An Eye for the Ascendant

Art | May 2016 | BY Charlotte Burns

The mohawk-sporting curator Christopher Lew has gained a reputation as a champion of interesting emerging artists. This, in turn, has made him someone many art world figures want to know better. During an art fair last year, I watched Lew stroll past the booth of a respected, middle-aged New York art dealer who suddenly snapped to life, shouting, “Chris! Chris!” before awkwardly lumbering after the young curator who seemed oblivious to the fuss.

The attention will only increase this year as Lew, 34, prepares for his biggest exhibition to date. He will be co-curating the 2017 Biennial at the Whitney Museum of American Art—the first in its new home and its largest ever, given the building’s massive dimensions.

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Orion Martin’s Bakers Steak, 2015, part of the Whitney Museum’s “Flatland” exhibit.

The soft-spoken Lew seems to be taking it in his stride: He’s simply excited to be hitting the road with his co-curator, Mia Locks. The duo has already visited U.S. cities like Atlanta and Boston and is planning where to head next. “Obviously there are big artist communities in lots of cities, so we’re thinking about which places to visit and in what order. We want to see as much art as we can,” he says. “We are going into this without any preconceived notions. In a sense, we don’t know what we’re looking for. We just want to knock on doors and see what’s out there and have great conversations about art.”

This kind of discursive style is typical of Lew’s approach to exhibition making and comes, he says, from working with artists like Josh Kline and Margaret Lee. “When I first saw their work I didn’t know what to do with it because it didn’t fit into the kinds of narratives you’d place emerging art into,” he says. In an effort to understand the work, he spent endless hours with them and other artists “to see what they spend their time doing.”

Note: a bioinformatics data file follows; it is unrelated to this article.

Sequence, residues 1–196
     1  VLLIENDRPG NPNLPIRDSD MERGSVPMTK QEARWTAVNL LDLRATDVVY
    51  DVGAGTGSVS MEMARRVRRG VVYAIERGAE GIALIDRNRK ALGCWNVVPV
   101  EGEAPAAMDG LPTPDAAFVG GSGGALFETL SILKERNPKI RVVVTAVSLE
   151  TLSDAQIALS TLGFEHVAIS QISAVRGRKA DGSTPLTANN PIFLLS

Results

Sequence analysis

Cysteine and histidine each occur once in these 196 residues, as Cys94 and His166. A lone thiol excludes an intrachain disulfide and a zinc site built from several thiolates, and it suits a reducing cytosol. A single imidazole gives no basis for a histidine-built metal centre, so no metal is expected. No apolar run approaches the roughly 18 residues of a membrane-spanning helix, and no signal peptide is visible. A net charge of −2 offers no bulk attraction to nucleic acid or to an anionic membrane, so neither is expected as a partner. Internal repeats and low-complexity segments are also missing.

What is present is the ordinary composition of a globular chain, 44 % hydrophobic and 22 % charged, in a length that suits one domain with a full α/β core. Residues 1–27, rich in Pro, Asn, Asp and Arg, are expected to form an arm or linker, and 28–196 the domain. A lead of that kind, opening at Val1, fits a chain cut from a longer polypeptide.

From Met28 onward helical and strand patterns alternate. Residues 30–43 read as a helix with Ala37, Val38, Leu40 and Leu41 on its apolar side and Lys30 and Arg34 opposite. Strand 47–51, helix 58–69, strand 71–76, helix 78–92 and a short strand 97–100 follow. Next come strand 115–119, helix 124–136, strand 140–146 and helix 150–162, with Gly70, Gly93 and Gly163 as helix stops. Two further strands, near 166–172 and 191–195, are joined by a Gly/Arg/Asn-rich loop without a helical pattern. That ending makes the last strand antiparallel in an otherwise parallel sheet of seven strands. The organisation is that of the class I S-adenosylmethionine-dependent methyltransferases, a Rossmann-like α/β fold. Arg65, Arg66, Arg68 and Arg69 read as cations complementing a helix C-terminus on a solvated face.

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An installation view of “Rachel Rose: Everything and More” at the Whitney Museum

Lew joined the Whitney as associate curator in August 2014, just before its move into the new building. He had seen a “job posting for someone who was thinking about art made since the year 2000 in a national and international context. It felt like exactly what I was doing at PS1 at that time,” he says.

He had been at MoMA PS1 since 2006, joining as a curatorial assistant and working his way up to assistant curator. “It was a pretty amazing time,” he says. “There were so many curatorial voices involved—Alanna Heiss, Eugenie Tsai, Brett Littman and Klaus Biesenbach—and it was really cool to work alongside these people and see how they were thinking and seeing.”

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A still from Sophia Al Maria’s Between Distant Bodies, 2013. Courtesy the artist and The Third Line

Lew learns through observing, a skill he probably pickedup while he was a biology major. He had gone to college “to do research in a lab,” but one day, “sitting in physics class as an undergrad, I realized I was okay if I didn’t do this for the rest of my life,” he says. “I was writing a lot of poetry at the time and doing photography—those were the things that were important to me. I realized that walking away from science was not going to kill me.”